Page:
Jennifer Raia, Ph.D.
Associate Professor of Biology, Director of the Honors Program, Chair of Science and Mathematics, and Coordinator of the Environmental Studies Minor
- Ph.D., Utah State University
- M.S., Utah State University
- B.S., Auburn University
“From the start, I knew I wanted to study behavioral ecology, and I sought out undergrad research opportunities. This work led me to study flying squirrels and red-cockaded woodpeckers in Georgia, ducks in North Dakota, and now coyotes here. I chose Coker because the faculty values undergraduate research as much as I do. Student research provides experience in designing experiments, methodologies, statistical techniques, and scientific writing. My research focuses on animal behavior, and I will always make room for motivated students.”
I believe student-driven research is the best way to prepare biology students for their future careers. Research provides experience in designing experiments, field-biology methodologies, statistical techniques, and scientific writing. My research interests focus on animal behavior and the interaction between individuals. I have studied flying squirrels and red-cockaded woodpeckers in Georgia, ducks and their nest predators in North Dakota, and grouse and their nest predators in Utah. Since arriving at Coker University, I began a research program that primarily focuses on factors influencing nest predation rates. While I have only just begun setting up my research program here, I have already gotten several students involved in extracurricular research. Funding through the South Carolina Independent Colleges and Universities (SCICU) Undergraduate Student/Faculty Research Program has allowed my students to conduct research on the effect of human use of areas on nest depredation and on coyote diet selection (potential nest predators).
- Wallett W, Borgo JS. 2010. The impact of human presence on the rate of artificial nest depredation. Annual Undergraduate Research Symposium of the South Carolina Independent Colleges and Universities held at Greer, SC. (Oral)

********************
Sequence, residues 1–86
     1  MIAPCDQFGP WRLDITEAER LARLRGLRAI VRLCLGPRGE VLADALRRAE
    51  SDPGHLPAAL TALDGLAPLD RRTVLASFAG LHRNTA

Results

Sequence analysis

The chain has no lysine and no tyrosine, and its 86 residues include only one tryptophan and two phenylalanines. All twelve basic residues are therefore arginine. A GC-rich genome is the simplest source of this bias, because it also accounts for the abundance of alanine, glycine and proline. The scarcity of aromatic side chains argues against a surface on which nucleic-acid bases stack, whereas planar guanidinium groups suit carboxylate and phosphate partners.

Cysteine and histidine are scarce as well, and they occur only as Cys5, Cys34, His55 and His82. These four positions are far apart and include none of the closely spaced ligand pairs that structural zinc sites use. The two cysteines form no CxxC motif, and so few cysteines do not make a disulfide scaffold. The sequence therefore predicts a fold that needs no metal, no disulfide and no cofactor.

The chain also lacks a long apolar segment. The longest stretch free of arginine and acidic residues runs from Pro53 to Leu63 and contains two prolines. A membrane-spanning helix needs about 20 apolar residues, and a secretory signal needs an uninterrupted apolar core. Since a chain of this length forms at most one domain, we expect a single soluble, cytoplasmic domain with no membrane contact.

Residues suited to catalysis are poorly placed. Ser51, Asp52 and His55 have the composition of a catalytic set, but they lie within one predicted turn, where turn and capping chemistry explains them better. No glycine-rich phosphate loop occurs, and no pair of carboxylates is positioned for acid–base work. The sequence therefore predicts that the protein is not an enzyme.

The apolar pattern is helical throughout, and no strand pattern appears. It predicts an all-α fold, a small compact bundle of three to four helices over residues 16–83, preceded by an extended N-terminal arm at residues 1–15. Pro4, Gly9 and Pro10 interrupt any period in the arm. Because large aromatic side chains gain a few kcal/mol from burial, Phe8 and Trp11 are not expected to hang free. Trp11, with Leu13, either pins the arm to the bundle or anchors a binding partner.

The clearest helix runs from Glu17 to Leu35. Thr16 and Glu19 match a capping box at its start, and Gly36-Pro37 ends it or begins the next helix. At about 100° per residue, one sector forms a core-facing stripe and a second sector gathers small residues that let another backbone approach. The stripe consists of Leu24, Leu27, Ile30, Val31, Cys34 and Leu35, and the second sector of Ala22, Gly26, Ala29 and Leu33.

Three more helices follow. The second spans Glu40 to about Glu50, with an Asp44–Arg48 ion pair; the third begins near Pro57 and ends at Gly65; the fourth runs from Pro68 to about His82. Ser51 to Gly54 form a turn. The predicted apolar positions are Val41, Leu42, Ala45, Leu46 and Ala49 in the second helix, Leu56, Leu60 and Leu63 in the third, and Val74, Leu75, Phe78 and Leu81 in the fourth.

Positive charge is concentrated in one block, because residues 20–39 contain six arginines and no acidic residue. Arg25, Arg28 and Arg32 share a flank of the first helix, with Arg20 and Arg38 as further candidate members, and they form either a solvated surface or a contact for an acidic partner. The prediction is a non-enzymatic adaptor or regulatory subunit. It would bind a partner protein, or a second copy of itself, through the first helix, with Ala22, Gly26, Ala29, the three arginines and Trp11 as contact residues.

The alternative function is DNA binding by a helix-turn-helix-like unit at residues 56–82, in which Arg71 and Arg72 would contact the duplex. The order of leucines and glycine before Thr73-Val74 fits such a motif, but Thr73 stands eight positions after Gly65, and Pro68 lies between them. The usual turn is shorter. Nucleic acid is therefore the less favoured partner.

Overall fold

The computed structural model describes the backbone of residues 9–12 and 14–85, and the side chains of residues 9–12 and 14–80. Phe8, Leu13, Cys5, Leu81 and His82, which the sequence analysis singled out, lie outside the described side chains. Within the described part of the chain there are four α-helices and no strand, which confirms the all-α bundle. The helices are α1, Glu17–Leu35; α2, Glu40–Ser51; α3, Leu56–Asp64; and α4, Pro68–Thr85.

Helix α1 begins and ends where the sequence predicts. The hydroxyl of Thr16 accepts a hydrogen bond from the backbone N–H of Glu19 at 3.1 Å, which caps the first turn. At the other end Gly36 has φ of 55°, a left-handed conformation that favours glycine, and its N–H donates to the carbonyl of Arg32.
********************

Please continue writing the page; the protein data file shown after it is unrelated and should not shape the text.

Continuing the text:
- English K, Borgo JS. 2010. Observations of behavioral differences between fox squirrels and gray squirrels. Annual Coker University Undergraduate Research Symposium in Hartsville, SC. (Oral)
- Warner A, Borgo JS. 2010. The relationship between the number of horses in a group and their vigilance behavior. Annual Coker University Undergraduate Research Symposium in Hartsville, SC. (Oral)
- Frey, S. N., M. R. Conover, J. S. Borgo, and T. A. Messmer. 2003. Factors influencing pheasant hunter harvest and satisfaction. Human Dimensions in Wildlife. 8: 275-284.
- Borgo, J. S., L. M. Conner, and M. R. Conover. 2006. Role of predator odor in roost site selection of southern flying squirrels. Wildlife Society Bulletin 34:144-149.
- Borgo, J. S., M. R. Conover, and L. M. Conner. 2006. Nest boxes reduce flying squirrel use of red-cockaded woodpecker cavities. Wildlife Society Bulletin 34:171-176.
- Conover, M. R., and J. S. Borgo. 2009. Do sharp-tailed grouse select loafing sites to avoid visual or olfactory predators? Journal of Wildlife Management 73:242-247.
- Borgo, J.S., and M.R. Conover. 2009. A device to record the specific time an artificial nest is depredated. Human-Wildlife Conflicts 3:88-92.
- Borgo, J. S., M. R. Conover, and L. M. Conner. In Press. Effect of flying squirrel removal on their use of a simulated red-cockaded woodpecker cluster. Southeastern Naturalist.
- Conover, M. R., J. S. Borgo, R. E. Dritz, J. B. Dinkins, and D. K. Dahlgren. In Press. Greater sage-grouse select nest sites to avoid visual predators but not olfactory predators. Condor.